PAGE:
[PT] Pseudoteaching: Hunting Monkeys
I’d like to begin this post with the coining of a new term: Pseudoteaching. This term was inspired by Dan Meyer’s pseudocontext, which sought to find examples of textbook problems that on the surface seemed to be about real world problems and situations, but actually were about make believe contexts that had little connection to the real world, other than the photographs that framed the problems.
After reading many of Dan’s pseudocontext posts, Frank Noschese and I had the idea of pseudoteaching [PT] which we have defined as:
Pseudoteaching is something you realize you’re doing after you’ve attempted a lesson which from the outset looks like it should result in student learning, but upon further reflection, you realize that the very lesson itself was flawed and involved minimal learning.
We hope that though discussion, we’ll be able to clarify and refine this definition even further. The key idea of pseudoteaching is that it looks like good teaching. In class, students feel like they are learning, and any observer who saw a teacher in the middle of pseudteaching would feel like he’s watching a great lesson. The only problem is, very little learning is taking place. We’re hoping that Pseudoteaching will become a valuable lens for critically examining our own teaching, and that the idea will spread to other teachers as well. Frank is keeping a collection of pseudoteaching examples at his blog, Action Reaction, on custom Pseudoteaching Page. We hope you’ll contribute some of your own examples of pseudoteaching as well.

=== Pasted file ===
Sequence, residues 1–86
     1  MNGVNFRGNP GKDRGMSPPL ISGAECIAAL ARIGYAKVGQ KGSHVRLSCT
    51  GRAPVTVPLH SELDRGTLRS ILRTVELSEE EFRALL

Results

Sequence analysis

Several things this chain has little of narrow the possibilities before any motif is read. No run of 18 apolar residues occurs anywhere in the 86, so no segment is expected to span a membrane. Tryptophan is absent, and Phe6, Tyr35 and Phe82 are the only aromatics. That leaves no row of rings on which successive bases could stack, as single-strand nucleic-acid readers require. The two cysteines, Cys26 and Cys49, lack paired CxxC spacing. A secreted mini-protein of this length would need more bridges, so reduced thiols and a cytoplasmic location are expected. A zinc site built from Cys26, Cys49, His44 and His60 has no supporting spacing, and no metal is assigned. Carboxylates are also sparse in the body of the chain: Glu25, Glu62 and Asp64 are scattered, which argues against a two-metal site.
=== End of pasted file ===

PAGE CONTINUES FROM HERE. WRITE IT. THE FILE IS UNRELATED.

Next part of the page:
Scene: Hunting Monkeys and Pseudoteaching
My example of Pseudoteaching is super fresh. This week, I decided to do an exercise where we explored the famous monkey hunter problem. In case you haven’t seen it, here’s the basic setup. A monkey is hanging from a tree, a height above the ground. It’s a nervous monkey, and so it will drop from the tree at the same instant it hears any disturbing noise. You’d like to shoot a banana at the monkey (yes, this problem has been sanitized from its previous monkey hating roots), and you are a horizontal distance away from the the landing spot of the monkey. You wonder how you should aim at the monkey if you want to hit it with the banana. Should you aim at the monkey, below the monkey, or above it?
The unintuitive answer from physics is that you should aim at the monkey, since both are falling, even through the banana is traveling “upward” on its way to the monkey.
Being the masochistic teacher I can be, I thought this presented a great opportunity to dust off our algebra skills and prove, once and for all, that you should aim at the monkey.
From these graphs, I ask the students to write the equations for the x and y positions of these objects, assuming an origin at the starting location of the banana.
Then I ask what must be true if the banana is to hit the monkey, and the students tell me that the x and y positions must be the same at the time of impact, . So we write
They also see that the last equation can simplified to
Now we have two equations that relate describe the motion of the banana